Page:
I am an emerging communication professional who has been writing since the age of 11 years hoping that one day I will have written a book. Strangely enough, it took 15 years and then, only when life hit me real hard, that I got to putting together my first book.
Growing up in a modest Indian family, I have had a humble education first to be an engineer and then to do communication. In my short but continuing working life, I have had the chance to be a software engineer, a PR executive, an assistant professor, communication coach, pre sales consultant and a marketing associate.
‘You Adored, Me Ignored’ is my first book.
What inspires you to write?
Oh, that’s a tough question!
Its like asking what makes me breathe. I have never asked myself this. All I know is, the day I do no writing or reading is a day I feel restless and discontent. Even if it is a simple sentence, I have to put it down in words and ponder on it.
But yes, it does happen that an out of the blue development, one snatch of a conversation and colourful people instantly give the impetus to think- what if- and then I end up writing. However, this inspiration is merely fleeting in nature. Otherwise, it seems to be something that is deeply ingrained in me.
Tell us about your writing process.
Both. No, am not being diplomatic. That is how it is.
Once I have a few ideas, I need to start giving it some shape so that it develops the potential to be become a good story. That is the first point where outlining helps. The next thing it helps in is during the revision of the manuscript. You see, outlining helps you dissect the story by picking any of the perspective which in turn helps in strengthening the narration.
On the other hand, if I had to do something like a NaNoWriMo, then my focus would be more from the aspect of being on the seat of the pants writer since the goal here is to be spontaneous and finish within a timeline. It is more about developing discipline.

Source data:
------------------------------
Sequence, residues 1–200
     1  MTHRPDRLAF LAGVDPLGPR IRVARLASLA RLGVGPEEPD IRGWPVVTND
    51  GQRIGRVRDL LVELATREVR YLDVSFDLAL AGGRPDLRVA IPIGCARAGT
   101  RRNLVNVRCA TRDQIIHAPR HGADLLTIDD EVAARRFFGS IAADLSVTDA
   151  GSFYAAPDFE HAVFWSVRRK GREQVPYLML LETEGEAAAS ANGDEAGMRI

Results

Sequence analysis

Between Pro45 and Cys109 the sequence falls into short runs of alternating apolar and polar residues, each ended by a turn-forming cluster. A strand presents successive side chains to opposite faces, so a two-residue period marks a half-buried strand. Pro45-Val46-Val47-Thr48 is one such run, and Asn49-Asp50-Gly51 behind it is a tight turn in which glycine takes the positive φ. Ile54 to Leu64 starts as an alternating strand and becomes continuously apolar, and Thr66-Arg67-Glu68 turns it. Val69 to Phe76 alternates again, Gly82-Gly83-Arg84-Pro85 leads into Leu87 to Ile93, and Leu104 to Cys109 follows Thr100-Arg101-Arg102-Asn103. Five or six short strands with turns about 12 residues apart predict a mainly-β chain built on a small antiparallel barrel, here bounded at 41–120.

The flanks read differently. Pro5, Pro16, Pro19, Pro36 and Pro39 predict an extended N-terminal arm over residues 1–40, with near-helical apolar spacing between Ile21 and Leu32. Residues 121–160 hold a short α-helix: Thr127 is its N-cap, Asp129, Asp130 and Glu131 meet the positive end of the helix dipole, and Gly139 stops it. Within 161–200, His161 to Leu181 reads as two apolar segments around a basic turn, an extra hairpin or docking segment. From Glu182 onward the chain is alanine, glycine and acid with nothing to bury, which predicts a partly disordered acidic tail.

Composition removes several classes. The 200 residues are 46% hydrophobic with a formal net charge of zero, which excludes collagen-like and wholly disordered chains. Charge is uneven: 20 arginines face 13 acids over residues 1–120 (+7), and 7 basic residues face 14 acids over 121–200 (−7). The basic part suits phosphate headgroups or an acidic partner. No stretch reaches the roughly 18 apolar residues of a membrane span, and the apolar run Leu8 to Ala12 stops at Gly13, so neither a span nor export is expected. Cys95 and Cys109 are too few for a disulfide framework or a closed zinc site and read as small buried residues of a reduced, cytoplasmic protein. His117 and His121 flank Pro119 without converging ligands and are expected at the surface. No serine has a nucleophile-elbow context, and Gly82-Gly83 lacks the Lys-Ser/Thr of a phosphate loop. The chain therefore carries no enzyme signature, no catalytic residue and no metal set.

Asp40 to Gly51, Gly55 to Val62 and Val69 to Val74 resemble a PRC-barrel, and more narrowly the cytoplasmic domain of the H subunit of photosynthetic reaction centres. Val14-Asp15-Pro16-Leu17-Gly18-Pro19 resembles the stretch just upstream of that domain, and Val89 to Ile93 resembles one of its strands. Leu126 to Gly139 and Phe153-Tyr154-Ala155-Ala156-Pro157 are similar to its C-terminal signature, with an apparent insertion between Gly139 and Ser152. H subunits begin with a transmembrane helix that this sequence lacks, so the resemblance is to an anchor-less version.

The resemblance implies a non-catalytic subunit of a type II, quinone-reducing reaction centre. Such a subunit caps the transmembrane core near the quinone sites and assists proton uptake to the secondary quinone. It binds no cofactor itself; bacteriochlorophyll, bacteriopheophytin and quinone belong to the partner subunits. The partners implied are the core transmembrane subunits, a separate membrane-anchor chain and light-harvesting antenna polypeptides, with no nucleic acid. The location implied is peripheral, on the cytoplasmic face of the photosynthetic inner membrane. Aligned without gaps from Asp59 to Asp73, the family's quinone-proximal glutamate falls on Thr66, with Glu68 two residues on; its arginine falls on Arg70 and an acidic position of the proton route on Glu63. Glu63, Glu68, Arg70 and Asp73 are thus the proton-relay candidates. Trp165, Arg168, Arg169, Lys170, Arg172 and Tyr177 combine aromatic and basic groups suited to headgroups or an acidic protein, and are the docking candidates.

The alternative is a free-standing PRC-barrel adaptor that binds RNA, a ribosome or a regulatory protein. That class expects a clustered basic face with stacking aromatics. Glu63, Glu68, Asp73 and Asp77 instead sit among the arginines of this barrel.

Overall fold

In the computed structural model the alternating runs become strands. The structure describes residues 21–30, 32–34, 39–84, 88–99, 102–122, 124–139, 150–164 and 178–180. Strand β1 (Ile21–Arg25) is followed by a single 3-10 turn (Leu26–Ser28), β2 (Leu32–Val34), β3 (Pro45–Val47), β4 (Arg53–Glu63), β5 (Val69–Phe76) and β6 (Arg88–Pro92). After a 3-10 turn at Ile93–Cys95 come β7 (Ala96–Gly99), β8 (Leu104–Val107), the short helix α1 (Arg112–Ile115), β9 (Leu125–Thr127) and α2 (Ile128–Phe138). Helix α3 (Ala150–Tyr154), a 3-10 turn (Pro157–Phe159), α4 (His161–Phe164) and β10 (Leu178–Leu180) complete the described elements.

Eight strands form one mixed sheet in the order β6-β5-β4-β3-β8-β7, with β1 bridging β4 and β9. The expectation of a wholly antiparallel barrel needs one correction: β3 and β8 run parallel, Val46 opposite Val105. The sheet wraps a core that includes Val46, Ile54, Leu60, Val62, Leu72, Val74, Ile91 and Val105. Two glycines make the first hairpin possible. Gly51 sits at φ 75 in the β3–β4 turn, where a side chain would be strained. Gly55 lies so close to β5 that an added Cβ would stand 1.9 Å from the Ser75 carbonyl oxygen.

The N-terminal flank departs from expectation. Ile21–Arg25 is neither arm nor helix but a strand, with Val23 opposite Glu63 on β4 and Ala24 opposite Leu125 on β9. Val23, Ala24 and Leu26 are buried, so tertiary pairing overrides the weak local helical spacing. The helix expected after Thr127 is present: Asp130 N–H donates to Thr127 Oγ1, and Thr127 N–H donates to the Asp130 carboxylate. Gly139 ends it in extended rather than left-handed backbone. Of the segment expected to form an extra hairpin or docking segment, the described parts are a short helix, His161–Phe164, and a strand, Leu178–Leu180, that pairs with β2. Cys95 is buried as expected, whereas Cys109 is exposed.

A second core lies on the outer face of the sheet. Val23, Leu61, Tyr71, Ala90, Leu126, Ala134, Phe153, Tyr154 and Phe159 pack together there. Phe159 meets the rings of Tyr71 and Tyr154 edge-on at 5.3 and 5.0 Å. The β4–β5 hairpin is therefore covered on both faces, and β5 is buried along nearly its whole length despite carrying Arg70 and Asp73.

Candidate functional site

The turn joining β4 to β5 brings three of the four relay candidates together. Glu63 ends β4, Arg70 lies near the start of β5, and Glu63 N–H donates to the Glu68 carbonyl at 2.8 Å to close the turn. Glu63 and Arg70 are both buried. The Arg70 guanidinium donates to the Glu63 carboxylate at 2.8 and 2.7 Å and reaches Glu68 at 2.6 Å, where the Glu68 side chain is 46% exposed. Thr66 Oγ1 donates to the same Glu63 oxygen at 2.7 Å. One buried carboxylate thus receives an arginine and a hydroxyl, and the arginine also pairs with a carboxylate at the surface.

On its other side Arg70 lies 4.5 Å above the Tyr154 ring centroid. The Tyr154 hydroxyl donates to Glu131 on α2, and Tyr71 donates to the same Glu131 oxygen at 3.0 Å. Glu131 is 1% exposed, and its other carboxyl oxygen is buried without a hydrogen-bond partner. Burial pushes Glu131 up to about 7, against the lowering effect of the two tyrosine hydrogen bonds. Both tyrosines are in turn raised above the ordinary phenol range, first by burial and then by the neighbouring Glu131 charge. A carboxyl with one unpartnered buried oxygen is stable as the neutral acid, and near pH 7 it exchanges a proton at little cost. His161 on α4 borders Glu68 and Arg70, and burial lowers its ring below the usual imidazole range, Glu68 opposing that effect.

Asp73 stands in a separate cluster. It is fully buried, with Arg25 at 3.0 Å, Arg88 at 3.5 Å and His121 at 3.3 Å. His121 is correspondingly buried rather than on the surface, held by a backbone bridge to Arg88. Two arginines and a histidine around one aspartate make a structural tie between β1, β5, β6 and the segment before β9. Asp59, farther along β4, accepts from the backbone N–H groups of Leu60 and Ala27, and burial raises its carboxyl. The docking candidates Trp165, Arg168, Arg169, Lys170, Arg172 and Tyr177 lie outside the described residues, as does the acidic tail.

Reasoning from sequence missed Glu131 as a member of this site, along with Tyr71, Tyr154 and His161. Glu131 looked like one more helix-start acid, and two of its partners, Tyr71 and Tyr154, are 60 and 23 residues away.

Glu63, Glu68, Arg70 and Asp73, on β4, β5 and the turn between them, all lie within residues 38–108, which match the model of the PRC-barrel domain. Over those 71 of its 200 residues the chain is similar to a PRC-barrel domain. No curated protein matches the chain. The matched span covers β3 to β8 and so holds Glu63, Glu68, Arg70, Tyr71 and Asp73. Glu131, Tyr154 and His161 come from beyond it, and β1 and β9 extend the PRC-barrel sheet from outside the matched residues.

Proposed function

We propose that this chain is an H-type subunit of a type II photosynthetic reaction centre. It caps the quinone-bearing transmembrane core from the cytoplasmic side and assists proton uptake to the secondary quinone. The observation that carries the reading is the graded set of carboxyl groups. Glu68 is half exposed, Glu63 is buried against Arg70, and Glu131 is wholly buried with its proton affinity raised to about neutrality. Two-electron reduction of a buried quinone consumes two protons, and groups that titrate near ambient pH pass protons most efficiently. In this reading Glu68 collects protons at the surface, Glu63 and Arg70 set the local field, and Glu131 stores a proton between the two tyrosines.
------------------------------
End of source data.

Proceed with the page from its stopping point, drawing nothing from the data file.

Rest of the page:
Personally, I work do outlining using pen and paper- very traditional! Of course, simple softwares like Mind Maps are also good. But it does not help me feel deeply involved with the story. So I only use it when I do workshops or presentations.
Character Sketches- umm. No, as yet I have not tried getting them sketched on paper. I only do a mental sketching and then try translating that into words. But I believe the central point here is to have a very clear idea about the who, what and why of the characters in the story. Not only does it make writing the story easier, it also makes the reading interesting.
For Fiction Writers: Do you listen (or talk to) to your characters?
Ah, how I love this question! And am so, so glad that you have asked
Indeed, I need to listen to my characters talk and even see them in action before I feel compelled to write it all down. Its more like I put the questions or situations before them and wait for their reactions. If I don’t like it or say, the results lead me no where, then I put the questions in another way or change the situation.
Sometimes- and that happens one I have progressed with a character very far- I let them tell me what they want to do and then I write that down. More like flipping the roles!
And yes, there are also times when I become the characters myself to see if I can make a headway. But can’t say this approach has helped much!